For a more precise estimation a small margin of error

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Unformatted text preview: ily, CLT comes to rescue. For large enough n, x is approximately normally ¯ distributed, so we can build confidence intervals. CI for µ, Case 3: Any Population, σ unknown If population has unknown distribution and sample standard deviation is s , an approximate 100(1 − α)% confidence interval for µ can be constructed via: √ x ± zα/2 s / n ¯ only if n > 30 Utku Suleymanoglu (UMich) Interval Estimation 14 / 17 Interval Estimation of Population Mean Sample Size and Desired Margin of Error As we have seen, margin of error depends on sample size in all the cases. For a more precise estimation, a small margin of error is desired. Suppose you get to design your study and you want to keep the margin of error low. Say, at 0.5. You can do that, if you can collect enough data. Think about the case where σ is known. 2 zα/2 σ 2 σ ME = zα/2 √ → n = ME 2 n So for example, if σ = 2, α = 0.05, so that zα/2 = 1.96, to ensure ME = 0.5, we need at least 1.962 22 = 61.46 0.52 62 observations, (just to be on the safe side-with 62, ME will be slightly smaller than 0.5). n= Utku Suleymanoglu (UMich) Interval Estimation 15 / 17 Interval Estimation for Proportions Confidence Invervals for p Just like µ, you can build confidence intervals for any population parameters, as long as you know its sampling distribution. In the previous chapter, we saw that we can estimate proportions and the estimator has an approximate normal distribution. CI for p If p is the estimate for population proportion of p , we can build a confidence interval ¯ estimate p as: p ± zα/2 ¯ p (1 − p ) ¯ ¯ n Same spirit as before: example in the section. Utku Suleymanoglu (UMich) Interval Estimation 16 / 17 Interval Estimation for Proportions Additional Note for The Entire Chapter For practice: Think about what it means to have a narrower or a wider CI using the correct interpretation of CIs. Think about what happens to CIs when one these increase while keeping others constant, do they get narrower or wider? Think about the intiution, too. α n σ or s p (1 − p ) ¯ ¯ Utku Suleymanoglu (UMich) Interval Estimation 17 / 17...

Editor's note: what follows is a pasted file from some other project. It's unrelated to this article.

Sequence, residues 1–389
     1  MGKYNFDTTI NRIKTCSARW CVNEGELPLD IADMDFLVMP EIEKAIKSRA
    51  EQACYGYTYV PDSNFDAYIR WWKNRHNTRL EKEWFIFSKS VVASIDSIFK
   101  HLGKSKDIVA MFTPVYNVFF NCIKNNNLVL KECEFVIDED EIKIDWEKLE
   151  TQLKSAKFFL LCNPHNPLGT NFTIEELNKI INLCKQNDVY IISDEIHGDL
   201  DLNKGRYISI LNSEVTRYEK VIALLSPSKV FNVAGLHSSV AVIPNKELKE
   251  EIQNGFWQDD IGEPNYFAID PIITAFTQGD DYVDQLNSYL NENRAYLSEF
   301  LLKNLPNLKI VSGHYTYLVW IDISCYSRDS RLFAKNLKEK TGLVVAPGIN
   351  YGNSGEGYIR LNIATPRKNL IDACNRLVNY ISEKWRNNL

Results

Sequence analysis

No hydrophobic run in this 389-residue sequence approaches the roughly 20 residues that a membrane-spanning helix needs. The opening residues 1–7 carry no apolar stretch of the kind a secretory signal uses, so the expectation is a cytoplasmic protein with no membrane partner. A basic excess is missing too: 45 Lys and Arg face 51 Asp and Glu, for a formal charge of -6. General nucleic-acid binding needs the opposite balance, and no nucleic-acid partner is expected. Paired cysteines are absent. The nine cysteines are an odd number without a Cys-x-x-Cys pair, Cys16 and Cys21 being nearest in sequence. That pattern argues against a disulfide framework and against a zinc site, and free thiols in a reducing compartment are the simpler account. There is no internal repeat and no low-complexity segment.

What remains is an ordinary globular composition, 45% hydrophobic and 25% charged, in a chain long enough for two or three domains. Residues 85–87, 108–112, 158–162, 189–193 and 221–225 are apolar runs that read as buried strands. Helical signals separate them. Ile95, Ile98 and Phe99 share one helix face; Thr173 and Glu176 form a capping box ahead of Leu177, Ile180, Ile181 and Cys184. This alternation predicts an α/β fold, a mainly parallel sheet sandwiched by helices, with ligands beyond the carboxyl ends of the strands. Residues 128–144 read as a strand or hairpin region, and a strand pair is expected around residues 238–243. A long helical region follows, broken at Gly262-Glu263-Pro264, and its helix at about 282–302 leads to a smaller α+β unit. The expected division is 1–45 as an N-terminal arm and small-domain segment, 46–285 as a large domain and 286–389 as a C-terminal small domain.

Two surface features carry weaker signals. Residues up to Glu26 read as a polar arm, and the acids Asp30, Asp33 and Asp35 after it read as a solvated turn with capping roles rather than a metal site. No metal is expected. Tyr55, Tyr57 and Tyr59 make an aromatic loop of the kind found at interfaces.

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This note was uploaded on 03/17/2014 for the course ECON 404 taught by Professor Staff during the Spring '08 term at University of Michigan.

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